While the impact of Leo Linbeck III’s family business on the Houston region has long been symbolized by multistory cranes and multiton earthmovers, it’s a heart pump the size of a slightly used crayon that may be more representative of the Houston native’s object of attention.
Named for the street that runs through Texas Medical Center, his Fannin Innovation Studio is a research and development firm that specializes in taking medical devices and therapies from the proverbial drawing board to the doctor’s office by either helping found companies for those products or negotiating licensing agreements.
Seeded in part by Linbeck Construction, founded by Linbeck’s grandfather in 1938, Fannin and its group of 20-odd doctors, MBAs and engineers (Linbeck being both an engineer and MBA) specializes in working with inventors, building out their ideas into prototypes and finding financiers and entrepreneurs to create the companies that will get the products through clinical trials and beyond.
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By filling a void somewhere between doctors, venture capitalists and biotech giants, Fannin grew out of Linbeck’s love of tinkering, his exposure to Silicon Valley (he’s holds an MBA from Stanford University’s Graduate School of Business, and has taught there for 15 years) and his first-hand knowledge of Houston’s medical industry via his family’s construction and real-estate development entities.
Believing that Houston lacked the tech-startup infrastructure that’s fueled other regional economies, Linbeck, through his family’s companies, began funding Fannin’s predecessor company in 2005.
Fannin has generated revenue from a combination of licensing fees and equity slices from its companies’ funding rounds, though Linbeck indicated that larger returns may be realized once its companies’ products go to market.
He views Fannin as a cross between a real estate developer and a movie studio, shepherding ideas, reducing the risk of failure and spinning off companies to get the products to market and often retaining a majority stake in those companies. He estimated that Fannin has raised about $150 million through funding rounds and grants, and is currently involved in about a dozen projects in various stages.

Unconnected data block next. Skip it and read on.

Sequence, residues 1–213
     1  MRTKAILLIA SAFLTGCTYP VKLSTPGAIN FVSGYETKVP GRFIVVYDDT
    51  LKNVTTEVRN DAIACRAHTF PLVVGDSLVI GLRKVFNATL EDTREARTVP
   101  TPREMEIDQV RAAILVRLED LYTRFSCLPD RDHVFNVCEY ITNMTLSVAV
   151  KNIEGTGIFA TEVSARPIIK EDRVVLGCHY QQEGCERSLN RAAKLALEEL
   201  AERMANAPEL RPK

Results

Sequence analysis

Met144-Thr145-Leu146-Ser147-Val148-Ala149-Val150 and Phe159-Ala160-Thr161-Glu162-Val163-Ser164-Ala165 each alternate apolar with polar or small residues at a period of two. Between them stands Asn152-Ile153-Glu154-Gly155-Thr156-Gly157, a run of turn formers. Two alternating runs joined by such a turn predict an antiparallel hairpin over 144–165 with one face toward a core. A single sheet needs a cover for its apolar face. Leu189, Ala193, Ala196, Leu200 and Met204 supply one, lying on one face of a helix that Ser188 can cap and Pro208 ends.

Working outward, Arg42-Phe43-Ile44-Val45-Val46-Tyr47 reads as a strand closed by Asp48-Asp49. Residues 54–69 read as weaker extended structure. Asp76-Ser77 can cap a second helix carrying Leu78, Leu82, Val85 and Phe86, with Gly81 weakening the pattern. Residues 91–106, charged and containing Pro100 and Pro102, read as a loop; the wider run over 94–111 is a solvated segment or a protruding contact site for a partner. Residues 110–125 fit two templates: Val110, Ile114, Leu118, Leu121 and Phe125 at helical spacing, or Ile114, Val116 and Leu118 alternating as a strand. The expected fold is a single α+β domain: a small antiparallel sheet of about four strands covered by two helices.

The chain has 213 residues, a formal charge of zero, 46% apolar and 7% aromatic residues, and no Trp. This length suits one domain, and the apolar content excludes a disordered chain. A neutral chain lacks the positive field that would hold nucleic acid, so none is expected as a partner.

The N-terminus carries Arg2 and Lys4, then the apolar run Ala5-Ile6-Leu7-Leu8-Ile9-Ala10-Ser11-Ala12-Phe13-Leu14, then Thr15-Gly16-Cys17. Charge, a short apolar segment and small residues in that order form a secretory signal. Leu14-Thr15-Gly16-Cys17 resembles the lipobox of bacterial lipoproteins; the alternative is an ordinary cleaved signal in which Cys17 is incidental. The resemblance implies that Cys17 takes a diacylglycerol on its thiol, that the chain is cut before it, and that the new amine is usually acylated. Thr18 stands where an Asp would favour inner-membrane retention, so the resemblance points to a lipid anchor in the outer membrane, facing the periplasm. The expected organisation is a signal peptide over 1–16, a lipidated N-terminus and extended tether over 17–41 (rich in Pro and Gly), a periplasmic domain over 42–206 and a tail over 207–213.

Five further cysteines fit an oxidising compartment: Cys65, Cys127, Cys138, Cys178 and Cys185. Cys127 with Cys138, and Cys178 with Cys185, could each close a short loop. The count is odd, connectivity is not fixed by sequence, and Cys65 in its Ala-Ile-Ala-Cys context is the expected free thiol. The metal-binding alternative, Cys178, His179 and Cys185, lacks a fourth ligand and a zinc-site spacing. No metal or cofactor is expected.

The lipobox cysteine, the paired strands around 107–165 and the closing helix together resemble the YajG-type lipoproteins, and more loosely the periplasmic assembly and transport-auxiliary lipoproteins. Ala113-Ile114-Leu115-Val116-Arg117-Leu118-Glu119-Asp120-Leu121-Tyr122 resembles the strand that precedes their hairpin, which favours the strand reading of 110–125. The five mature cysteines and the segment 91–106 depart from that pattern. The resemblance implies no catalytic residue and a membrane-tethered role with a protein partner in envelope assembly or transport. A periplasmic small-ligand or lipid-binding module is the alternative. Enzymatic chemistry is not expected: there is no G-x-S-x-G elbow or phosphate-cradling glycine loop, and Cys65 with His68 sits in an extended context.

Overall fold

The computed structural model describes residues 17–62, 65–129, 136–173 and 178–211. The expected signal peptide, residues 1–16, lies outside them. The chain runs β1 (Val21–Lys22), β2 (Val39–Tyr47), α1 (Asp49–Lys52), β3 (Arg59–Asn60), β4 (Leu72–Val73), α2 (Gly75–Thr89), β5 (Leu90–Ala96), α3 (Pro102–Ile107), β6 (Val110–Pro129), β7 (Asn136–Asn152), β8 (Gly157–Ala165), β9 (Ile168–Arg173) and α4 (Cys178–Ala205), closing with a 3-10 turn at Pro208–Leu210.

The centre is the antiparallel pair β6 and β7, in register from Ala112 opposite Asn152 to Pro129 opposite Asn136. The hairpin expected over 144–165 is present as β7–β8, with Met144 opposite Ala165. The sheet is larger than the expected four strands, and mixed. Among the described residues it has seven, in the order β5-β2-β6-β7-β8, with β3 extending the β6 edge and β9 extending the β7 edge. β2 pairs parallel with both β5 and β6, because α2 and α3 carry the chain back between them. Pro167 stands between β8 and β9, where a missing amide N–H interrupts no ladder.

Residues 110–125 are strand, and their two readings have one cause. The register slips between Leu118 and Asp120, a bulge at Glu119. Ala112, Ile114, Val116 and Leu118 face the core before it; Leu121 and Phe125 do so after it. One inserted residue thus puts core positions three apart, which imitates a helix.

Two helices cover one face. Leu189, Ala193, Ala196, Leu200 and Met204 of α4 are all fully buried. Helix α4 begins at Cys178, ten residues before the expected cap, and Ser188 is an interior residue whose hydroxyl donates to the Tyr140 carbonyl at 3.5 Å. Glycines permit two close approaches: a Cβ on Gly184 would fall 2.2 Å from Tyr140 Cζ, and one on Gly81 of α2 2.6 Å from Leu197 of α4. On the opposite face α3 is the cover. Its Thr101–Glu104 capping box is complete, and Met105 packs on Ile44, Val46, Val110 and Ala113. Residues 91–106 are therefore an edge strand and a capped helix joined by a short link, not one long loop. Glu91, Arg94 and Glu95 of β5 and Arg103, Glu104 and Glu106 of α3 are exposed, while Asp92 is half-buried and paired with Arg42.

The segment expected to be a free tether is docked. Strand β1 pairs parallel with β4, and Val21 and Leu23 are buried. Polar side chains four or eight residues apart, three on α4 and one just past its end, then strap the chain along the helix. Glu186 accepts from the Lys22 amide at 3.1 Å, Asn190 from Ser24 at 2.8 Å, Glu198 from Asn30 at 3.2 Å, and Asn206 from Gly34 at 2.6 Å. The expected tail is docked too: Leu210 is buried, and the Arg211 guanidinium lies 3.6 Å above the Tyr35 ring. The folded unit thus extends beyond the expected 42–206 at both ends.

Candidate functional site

“Houston’s got this huge health care infrastructure, so it just seemed like there was an opportunity. I would fly out (to Silicon Valley) to see what was going on, and I thought, ‘Why couldn’t it happen here?’” he said.
Case in point is Procyrion, maker of the tiny heart pump. About seven years ago, Dr. Reynolds Delgado, a cardiologist affiliated with the Texas Heart Institute and Baylor College of Medicine, approached Linbeck with the idea of a miniature heart pump that could be inserted via catheter instead of requiring open-heart surgery. Fannin’s team designed and engineered the product – called Aortix System – before bringing in upper management and helping to secure financing.
The company has had four funding rounds totaling more than $59 million and Aortix received “breakthrough device” designation by the U.S. Food and Drug Administration last year. The product may go to market as early as first-quarter 2021, according to Delgado.
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“I went to (Linbeck) with the idea, and not much more, and they took it from there,” Delgado said. “The VC guys usually cut you out of the deal, but I still have my founder’s ownership stake, which is substantial.”
Meanwhile, Fannin’s relatively small size has allowed it to ramp up its efforts this year to address the coronavirus pandemic. The most notable example is Pulmotect, which received its first funding round in 2016 and which has accelerated its development of a COVID-19 treatment this year. The company in May received FDA approval to start two COVID-19 Phase-2 clinical trials. The U.S. Small Business Administration’s Houston chapter recenbtly awarded Linbeck, Fannin Managing Partner Atul Varadhachary and Chief Financial Officer Mark Worschehits Small Business Innovation Research/Small Business Technology Transfer Recipient of the Year award.
Linbeck, who declined to disclose Fannin’s annual revenue, allows that most medical-advancement ideas result in failure, estimated that Fannin turns down about 95 percent of the ideas it’s pitched.
Still, he recognized his unique position to be able to invest in these medical efforts without expecting an immediate return, and remains philosophical about Fannin’s mission.
“Most things that are really important take about a decade to get done,” he said. “In three more years, we’ll be an overnight success.”